7. Set Realistic Expectations
We all have great hopes for our children. We want them to go to college, get a great job, get married, have two kids and live in a house with a white picket fence and a dog in the yard. But as some of us know, that may or may not be the way life pans out. As parents be encouraging, believe that your child can be anything but don’t exaggerate their capabilities while overlooking their weaknesses or make them live YOUR dream. Too often our children are under so much pressure to excel by making straight A’s, being the best in sports, and the most beautiful or handsome they begin to crumble under the pressure. A large majority of students starting in Kindergarten have anxiety issues related to the expectations they feel placed under. While it is important for them to believe they can have it all, they should never be expected to BE IT ALL. Many of them are so busy meeting our expectations that they fail to have the chance to just be kids…
7. Provide yet Limit Activities
Depending on the age and development of your child the things they enjoy or find interest in may vary. Your child may have interests or hobbies that his/her peers are not interested in or do not find to be worthwhile. Although team sports, athletics, and clubs are important and can teach a wide variety of life skills, your child may find it difficult to develop mutual interests with peers. Some children prefer independent sports such as golf, swimming, or archery. While others prefer the standard sports of baseball, football and basketball. It is very important as parents to not minimize the activities of others, while continuing to make your child feel successful within their chosen activity. Despite the current trends, I would not recommend that your child participate in every activity offered; Although it seems to be considered a requirement by some in order to make your child well rounded. I personally believe it just makes them tired and less likely to achieve in other arenas. However, I am adamant that a child who starts something should be required to finish it. IF your child wants to play baseball and then realizes they don’t like it, or their team is horrible, DO NOT LET THEM QUIT!! Quitting is not a trait that you want to instill in your child. One lesson that must be taught to your child is that they are part of team, and when you are part of a team, you stick it out…. after the season if you never want to play again, fine…. But you will finish out the season, you owe that to yourself, your team mates, and your coaches.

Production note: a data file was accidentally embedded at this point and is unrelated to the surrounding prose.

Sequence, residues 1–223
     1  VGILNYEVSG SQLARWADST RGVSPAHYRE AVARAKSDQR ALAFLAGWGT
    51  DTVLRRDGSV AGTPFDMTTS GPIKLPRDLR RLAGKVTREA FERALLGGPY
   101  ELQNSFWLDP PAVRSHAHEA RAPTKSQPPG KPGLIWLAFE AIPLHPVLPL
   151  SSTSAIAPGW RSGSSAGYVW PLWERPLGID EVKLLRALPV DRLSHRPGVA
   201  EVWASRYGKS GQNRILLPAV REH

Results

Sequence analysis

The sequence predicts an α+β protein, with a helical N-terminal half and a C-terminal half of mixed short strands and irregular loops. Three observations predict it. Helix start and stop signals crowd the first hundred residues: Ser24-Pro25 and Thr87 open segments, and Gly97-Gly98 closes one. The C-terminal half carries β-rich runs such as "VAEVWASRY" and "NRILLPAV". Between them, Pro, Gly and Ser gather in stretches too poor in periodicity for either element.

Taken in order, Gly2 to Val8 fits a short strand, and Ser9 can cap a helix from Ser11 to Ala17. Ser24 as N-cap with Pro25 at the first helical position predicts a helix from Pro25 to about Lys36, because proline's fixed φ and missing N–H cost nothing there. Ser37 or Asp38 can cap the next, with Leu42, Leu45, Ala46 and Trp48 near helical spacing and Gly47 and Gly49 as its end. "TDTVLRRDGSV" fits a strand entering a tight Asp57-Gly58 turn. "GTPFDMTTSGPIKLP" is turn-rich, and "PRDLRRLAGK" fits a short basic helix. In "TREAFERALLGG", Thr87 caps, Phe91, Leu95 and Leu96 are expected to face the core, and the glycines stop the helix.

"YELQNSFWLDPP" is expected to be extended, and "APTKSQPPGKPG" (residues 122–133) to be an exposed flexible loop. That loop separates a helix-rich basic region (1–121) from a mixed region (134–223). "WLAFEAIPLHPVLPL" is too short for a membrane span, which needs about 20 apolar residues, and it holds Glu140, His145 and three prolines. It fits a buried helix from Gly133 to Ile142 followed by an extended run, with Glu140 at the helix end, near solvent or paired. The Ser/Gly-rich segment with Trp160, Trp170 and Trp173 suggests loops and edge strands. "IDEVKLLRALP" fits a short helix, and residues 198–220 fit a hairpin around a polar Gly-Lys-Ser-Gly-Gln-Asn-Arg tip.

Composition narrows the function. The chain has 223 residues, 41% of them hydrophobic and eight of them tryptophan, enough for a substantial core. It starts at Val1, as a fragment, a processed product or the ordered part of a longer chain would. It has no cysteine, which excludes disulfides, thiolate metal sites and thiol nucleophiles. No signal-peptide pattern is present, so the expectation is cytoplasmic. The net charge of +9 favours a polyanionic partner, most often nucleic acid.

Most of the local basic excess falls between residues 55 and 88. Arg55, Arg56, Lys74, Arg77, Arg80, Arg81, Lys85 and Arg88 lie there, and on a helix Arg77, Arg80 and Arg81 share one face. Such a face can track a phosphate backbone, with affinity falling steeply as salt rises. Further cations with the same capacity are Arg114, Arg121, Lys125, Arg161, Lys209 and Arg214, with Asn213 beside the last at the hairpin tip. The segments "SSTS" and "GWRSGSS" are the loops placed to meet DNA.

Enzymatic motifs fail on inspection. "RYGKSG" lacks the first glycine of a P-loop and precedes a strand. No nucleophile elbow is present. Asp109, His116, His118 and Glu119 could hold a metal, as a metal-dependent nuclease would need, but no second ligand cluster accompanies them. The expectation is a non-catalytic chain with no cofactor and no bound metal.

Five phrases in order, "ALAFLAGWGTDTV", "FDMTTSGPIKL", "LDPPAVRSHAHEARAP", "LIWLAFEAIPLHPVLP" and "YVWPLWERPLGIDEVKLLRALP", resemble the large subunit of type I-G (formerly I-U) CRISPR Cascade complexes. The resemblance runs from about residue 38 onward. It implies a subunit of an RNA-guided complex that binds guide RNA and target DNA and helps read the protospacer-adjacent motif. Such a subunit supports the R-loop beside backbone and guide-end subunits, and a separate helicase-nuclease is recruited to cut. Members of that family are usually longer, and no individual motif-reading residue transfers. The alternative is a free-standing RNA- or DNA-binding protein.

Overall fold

8. Handling Disappointment
Teach your children the art of handling disappointment. Life is not fair…. Your children WILL find that out one day. Don’t let them be overwhelmed and shocked when they discover just how unfair life can be sometimes. Teach them that you don’t always win, you can’t always get your way, and things don’t always go like you wished. Gift giving season is a great time to learn this listen. I am disgusted with our world today and their interpretation of being “fair”. Society believes that in order to not hurt a child’s self esteem we must give them a gift at birthday parties even if it isn’t their birthday. We have tie ballgames because it might cause someone to cry if they lose, and we don’t give trophies are acknowledge winners because we don’t want someone to feel bad. I earnestly believe we are setting our children up for a world of hurt. When they graduate, colleges are not going to accept them just because they don’t want to hurt their feelings or their self esteem. A boss of company isn’t going to hire them for a job because because he doesn’t think it is fair to the other applicants if he doesn’t hire them all. Yet, that is what we are leading our children to believe.